Vascular Disease Prevention




(Discontinued)

ISSN: 1567-2700 ― Volume 7, 2013

Cerebrovascular Disease and its Relationship to Other Vascular Beds: A Comprehensive Review of the Literature


Vascular Disease Prevention, 2009, 6: 1-8

Julia Slark, Pankaj Sharma

Imperial College Cerebrovascular Research Unit (ICCRU), Hammersmith Hospitals, Imperial College London, Fulham Palace Rd, London W6 8RF, UK.

Electronic publication date 6/March/2009
[DOI: 10.2174/1567270001006010001]




Abstract:

Atherothrombosis, ischaemic heart disease (IHD), cerebrovascular disease (CVD) and peripheral arterial disease (PAD) are a major cause of mortality and are predicted to be the leading cause of death world-wide by 2020.

It is now recognised that CVD is part of a family of atherothrombotic diseases such as PAD and IHD. However, despite receiving contemporary evidence-based preventative drug therapy, patients with established arterial disease and those with multiple risk factors for atherothrombosis both experience high cardiovascular (CV) event rates with a 4.7% yearly rate of hard events. People with symptomatic atherosclerosis in 1 vascular bed are at a higher risk of subsequent events in other beds, e.g. patients who suffer a stroke are at a high risk of going on to suffer a coronary event, with a 10 year CV event risk of 42.8%. These findings support the need for increased awareness among physicians and patients for the amount of vascular cross-risk that is related to the overlap between the various beds of atherothrombosis.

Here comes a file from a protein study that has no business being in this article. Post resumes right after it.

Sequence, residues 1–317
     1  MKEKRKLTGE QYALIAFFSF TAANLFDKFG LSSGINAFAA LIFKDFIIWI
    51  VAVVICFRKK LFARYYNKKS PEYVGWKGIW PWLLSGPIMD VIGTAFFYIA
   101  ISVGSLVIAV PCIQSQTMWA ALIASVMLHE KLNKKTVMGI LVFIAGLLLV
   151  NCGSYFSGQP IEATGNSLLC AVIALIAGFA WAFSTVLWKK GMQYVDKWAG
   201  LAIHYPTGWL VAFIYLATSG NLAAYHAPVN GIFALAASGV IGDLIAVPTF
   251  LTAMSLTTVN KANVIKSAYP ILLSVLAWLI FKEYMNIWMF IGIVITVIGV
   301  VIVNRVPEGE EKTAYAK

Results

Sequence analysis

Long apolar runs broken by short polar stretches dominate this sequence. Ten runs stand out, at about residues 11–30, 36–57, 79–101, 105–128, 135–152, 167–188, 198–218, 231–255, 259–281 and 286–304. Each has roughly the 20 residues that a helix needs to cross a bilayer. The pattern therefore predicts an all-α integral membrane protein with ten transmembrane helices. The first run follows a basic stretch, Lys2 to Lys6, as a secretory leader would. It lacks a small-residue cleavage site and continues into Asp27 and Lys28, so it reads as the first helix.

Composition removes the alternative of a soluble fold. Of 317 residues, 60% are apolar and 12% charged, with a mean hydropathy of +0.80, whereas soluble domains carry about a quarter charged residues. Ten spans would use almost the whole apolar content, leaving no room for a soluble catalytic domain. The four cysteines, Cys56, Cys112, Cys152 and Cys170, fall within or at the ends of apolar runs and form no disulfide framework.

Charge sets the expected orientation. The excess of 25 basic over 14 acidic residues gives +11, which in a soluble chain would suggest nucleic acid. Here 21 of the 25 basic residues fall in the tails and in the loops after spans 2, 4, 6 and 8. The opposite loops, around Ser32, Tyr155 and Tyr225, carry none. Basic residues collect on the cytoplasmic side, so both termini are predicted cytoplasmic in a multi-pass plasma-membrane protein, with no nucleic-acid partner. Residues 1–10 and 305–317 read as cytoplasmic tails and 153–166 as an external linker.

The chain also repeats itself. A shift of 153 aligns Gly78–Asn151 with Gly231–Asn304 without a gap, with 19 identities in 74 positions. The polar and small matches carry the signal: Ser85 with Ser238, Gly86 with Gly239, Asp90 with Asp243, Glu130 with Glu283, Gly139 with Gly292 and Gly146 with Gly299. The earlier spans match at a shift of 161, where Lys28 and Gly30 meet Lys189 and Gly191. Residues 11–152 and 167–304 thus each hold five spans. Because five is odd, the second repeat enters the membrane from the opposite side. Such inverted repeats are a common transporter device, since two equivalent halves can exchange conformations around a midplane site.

Atherothrombosis in stroke patients should be considered as a global arterial disease. We present a systematic review of the literature relating to the risk of non-cerebral (especially sub-clinical) atherothrombotic events in ischaemic stroke patients.


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